Wednesday, November 14

Summer 2012: Chinese Brush Painting

My mother is talented.

 Yes.  This talented.

My father Greg bragging to us about my mother Wyona's painting skills.

This summer it was decided that we were all going to sit down and try our hands at Chinese Brush Painting.  Now you may wonder where in the world a caucasian Canadian family would learn the skills of an ancient art form from a country on the other side of the world.  This is a good question.  My mother.  When my father obtained his job as Canadian Trade Commissioner with the Foreign Service we began traveling.  First to Kuala Lumpur, Malaysia, then on to Manila, Philippines.  While we were abroad we had hired house help which left my stay-at-home mother with some time to pursue other pursuits.  One she chose was Chinese Brush Painting whose art influence obviously extended beyond the borders of China, and at which my mother excelled.  While she was a teacher, and while I taught, she would show her and my students the basics.

Wyona demonstrating the fine art of bamboo painting

One always starts with bamboo and after several months the new learner is allowed to progress to roses.  Since time was limited (the summer was coming to a close), we had a 15 minute bamboo lesson, followed by a 15 minute rose lesson.  We practiced for several hours and some of us faired pretty well, creating almost realistic foliage.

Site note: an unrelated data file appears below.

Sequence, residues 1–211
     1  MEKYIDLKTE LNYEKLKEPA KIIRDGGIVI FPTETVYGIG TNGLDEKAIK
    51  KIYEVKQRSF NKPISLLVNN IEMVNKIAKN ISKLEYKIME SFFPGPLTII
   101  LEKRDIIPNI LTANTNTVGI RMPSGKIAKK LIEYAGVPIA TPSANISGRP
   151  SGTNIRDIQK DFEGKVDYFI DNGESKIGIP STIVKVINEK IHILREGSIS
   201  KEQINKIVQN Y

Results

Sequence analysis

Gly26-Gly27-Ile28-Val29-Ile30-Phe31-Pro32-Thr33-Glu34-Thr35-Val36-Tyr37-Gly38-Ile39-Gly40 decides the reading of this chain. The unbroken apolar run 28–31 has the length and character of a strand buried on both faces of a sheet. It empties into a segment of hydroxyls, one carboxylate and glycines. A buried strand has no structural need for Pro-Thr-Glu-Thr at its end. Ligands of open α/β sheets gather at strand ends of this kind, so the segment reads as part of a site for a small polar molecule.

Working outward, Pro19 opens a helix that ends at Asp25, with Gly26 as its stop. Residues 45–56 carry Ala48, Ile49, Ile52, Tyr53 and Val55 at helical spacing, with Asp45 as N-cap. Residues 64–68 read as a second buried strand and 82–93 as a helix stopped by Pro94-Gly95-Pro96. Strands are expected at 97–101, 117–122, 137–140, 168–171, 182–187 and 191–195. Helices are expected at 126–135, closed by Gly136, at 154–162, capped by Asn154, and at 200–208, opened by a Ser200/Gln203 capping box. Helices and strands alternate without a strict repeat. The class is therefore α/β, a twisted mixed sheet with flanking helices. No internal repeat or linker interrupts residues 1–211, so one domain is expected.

Zach doing very well with bamboo stalks
One of the main pieces of information that Wyona always tells the learner is that this type of painting is single stroke with diluted paint.  You make one stroke, them move on.  You do not go over your work again and again, bad, naughty.  The depth of the painting comes from the variations in hues of the paint through the single strokes, from dark to medium to light colour contrasts.  Two essential art details.

Needed: water, paint, a place to dilute colours

Sabrina showing us the seriousness of art and bamboo

Alicia focusing on her roses
Then there were those of us who may need a few more summers to get to the Chinese painting part, yet enjoyable images were still created.

Chinese-Canadian-American rainbow?

The serious faces of each mini-artist is so perfect

The group is deep concentration with their roses
We did have a great time and learned that you throw away the first 3-45 sketches, even though they may look anywhere from pretty crappy to not too bad.  It is tough to let go of ones art when it has just been completed and a part of ones heart is in it.  Another summer, after more practice, we shall save and frame several pieces.  Only 41 more practices to go.  Until then, we have a semi-professional in our midst guiding our learning and visuals of her work to motivate us.

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